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United States Department of Agriculture

Agricultural Research Service


item Callaway, Todd
item Anderson, Robin
item Edrington, Thomas
item Bischoff, Kenneth
item Genovese, Kenneth
item Poole, Toni
item Harvey, Roger
item Byrd, James
item Nisbet, David

Submitted to: Current Issues in Intestinal Microbiology
Publication Type: Peer Reviewed Journal
Publication Acceptance Date: February 17, 2004
Publication Date: March 8, 2004
Citation: Callaway, T.R., Anderson, R.C., Edrington, T.S., Bischoff, K.M., Genovese, K.J., Poole, T.L., Harvey, R.B., Byrd II, J.A., Nisbet, D.J. 2004. Effects of sodium chlorate on toxin production by Escherichia coli O157:H7. Current Issues in Intestinal Microbiology. 5:19-22.

Interpretive Summary: Escherichia coli O157:H7 is a food borne pathogenic bacterium that is killed by the addition of sodium chlorate. Toxin production by E. coli O157:H7 is dramatically increased when this bacterium is treated with traditional, medically-important antibiotics; thus causing a negative impact on human health. Because of this increase in toxin production, antibiotics are not recommended for use in human infections by E. coli O157:H7. This study demonstrates that chlorate does not increase toxin production by strains of E. coli O157:H7. This result indicates that chlorate could be used to treat a broad range of E. coli O157:H7 infections without fear of stimulating toxin production.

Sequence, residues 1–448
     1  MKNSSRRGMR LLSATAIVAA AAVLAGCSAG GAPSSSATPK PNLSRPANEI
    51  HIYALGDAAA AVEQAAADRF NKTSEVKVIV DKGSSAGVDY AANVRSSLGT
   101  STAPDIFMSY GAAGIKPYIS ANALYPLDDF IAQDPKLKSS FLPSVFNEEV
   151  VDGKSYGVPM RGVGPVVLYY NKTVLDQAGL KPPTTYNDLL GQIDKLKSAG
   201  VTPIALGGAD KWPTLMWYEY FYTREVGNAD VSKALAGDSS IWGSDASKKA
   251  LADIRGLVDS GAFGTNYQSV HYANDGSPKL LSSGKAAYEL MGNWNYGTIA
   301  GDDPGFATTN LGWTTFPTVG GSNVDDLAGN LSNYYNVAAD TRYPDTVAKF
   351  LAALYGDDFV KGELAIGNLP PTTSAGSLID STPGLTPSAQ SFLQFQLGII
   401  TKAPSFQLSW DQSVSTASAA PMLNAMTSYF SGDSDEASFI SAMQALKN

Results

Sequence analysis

Technical Abstract: Chlorate kills E. coli O157:H7 and has been proposed as a feed additive to be included in cattle rations immediately prior to slaughter to reduce E. coli O157:H7 populations in the gut. Antibiotic usage is not recommended in cases of E. coli O157:H7-induced hemorrhagic colitis because some antibiotics stimulate toxin production. This study was undertaken to determine if chlorate treatment affected toxin production. Pure cultures of E. coli O157:H7 were treated with ¼ MIC of antibiotics (ampicillin, tetracycline, ceftiofur, gentamicin, monensin, tylosin, penicillin, ciprofloxacin, and novobiocin); toxin production was significantly increased by some antibiotics, but not by chlorate. Studies with mixed fecal bacteria demonstrated that chlorate killed E. coli O157:H7, but again did not stimulate toxin production. Chlorate appears to be an effective method to reduce shiga toxin-producing E. coli (STEC) populations in food animals, but additional studies are warranted before it is used to control infections.

Last Modified: 8/28/2016
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